Report: Jabari Parker may hold off on signing a letter of intent

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Down to his final five schools, 2013 forward Jabari Parker begins the official visit portion of his recruitment with a trip to Michigan State this weekend.

With concrete dates for his trips to Duke (October 26-28), Florida (November 2-4) and Stanford (November 9-11) and a trip to BYU (date yet to be determined) as well, Parker may have a good idea where he wants to attend college before the fall signing period.

But that doesn’t mean the Simeon HS product will sign a letter of intent during that period, as his father Sonny says that Jabari may wait until the spring to make it official.

Sonny Parker says his son might not have enough time to decide during the early signing period next month.

Sonny Parker says his son might “go on his first two visits and say, `Hey, this is where I want to go.”‘

The fall signing period is only a week long, running from November 14-21, so it wouldn’t qualify as a stunner if he were to make a verbal commitment but hold off on signing.

But here’s the question: for an elite prospect like Jabari how important is it to sign a letter of intent?

Here’s the NCAA’s description of the National Letter of Intent program:

The NLI is a voluntary program with regard to both institutions and student-athletes. No prospective student-athlete or parent is required to sign the National Letter of Intent, and no institution is required to join the program.

By signing a National Letter of Intent, a prospective student-athlete agrees to attend the designated college or university for one academic year.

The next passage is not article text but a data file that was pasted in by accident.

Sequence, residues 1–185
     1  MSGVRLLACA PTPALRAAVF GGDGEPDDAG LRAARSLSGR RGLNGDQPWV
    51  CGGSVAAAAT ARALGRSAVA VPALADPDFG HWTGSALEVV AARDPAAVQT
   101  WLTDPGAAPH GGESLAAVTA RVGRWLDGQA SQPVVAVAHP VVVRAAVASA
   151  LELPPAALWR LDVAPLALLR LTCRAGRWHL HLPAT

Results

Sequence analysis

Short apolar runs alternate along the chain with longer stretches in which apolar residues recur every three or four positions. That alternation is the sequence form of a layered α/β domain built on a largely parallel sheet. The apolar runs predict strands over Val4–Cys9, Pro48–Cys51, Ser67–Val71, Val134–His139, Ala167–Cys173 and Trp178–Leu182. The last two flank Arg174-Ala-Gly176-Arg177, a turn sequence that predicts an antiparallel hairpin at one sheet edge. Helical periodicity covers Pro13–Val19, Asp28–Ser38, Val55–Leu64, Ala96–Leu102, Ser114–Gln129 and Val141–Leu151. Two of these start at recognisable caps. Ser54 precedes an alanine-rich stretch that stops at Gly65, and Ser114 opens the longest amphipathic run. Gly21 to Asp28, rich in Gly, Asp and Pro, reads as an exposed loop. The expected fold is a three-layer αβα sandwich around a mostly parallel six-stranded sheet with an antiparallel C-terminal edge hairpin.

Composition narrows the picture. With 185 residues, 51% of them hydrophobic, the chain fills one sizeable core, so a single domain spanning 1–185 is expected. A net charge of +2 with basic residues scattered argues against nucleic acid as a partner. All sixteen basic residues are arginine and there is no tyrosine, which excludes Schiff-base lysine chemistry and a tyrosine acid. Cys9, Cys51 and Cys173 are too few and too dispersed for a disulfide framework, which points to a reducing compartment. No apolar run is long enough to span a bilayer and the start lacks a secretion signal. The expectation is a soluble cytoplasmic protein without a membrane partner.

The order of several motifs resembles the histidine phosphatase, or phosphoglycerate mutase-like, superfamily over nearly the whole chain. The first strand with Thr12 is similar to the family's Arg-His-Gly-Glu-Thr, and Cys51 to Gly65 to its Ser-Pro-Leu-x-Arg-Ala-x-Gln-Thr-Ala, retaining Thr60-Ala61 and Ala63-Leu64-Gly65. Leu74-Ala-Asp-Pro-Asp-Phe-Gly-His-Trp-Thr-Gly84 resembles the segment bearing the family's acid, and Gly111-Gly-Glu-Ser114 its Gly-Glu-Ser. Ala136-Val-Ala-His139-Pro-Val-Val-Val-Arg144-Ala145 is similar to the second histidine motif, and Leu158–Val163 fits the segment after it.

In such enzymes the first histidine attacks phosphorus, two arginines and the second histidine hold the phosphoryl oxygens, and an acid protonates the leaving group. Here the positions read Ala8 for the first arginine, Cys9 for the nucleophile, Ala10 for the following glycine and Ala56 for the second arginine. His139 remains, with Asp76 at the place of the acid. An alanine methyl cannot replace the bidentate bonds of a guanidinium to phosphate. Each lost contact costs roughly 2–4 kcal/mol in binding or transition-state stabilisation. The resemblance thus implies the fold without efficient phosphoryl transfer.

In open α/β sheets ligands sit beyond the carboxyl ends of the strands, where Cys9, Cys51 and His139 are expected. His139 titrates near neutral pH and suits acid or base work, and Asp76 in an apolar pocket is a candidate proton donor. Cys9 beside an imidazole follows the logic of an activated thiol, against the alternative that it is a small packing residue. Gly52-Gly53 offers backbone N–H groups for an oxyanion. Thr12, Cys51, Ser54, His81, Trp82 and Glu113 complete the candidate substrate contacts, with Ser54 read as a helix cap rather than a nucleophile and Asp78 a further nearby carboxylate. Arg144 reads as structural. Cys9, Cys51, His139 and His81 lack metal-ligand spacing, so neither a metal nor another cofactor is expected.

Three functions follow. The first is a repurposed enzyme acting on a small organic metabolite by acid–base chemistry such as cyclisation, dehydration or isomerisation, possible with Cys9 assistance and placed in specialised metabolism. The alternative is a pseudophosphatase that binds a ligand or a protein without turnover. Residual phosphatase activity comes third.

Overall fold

Key word in the first part of the statement: voluntary. You don’t have to sign a letter of intent, but for the majority of prospective student-athletes doing so is the way to make sure they’re accounted for from a scholarship standpoint.

But for a player the caliber of Parker, wouldn’t it be wise to follow the recent example of Fresno State freshman center Robert Upshaw?

Upshaw originally committed to Kansas State but held off on signing the NLI, opting to sign the grant-in-aid instead. And sure enough after Frank Martin left Manhattan to take the job at South Carolina, Upshaw was able to de-commit without facing a penalty.

Upshaw did sign the NLI with Fresno State, but he saved himself a lot of trouble by not doing so during his original commitment.

Signing the NLI would get the recruiting phone calls to stop and the school Parker commits to would be able to formally announce his decision.

But outside of those two benefits (and the second one may not be much of a benefit as there will be plenty of attention paid to his decision), signing the grant-in-aid only would accomplish the same thing.

Raphielle is also the assistant editor at CollegeHoops.net and can be followed on Twitter at @raphiellej.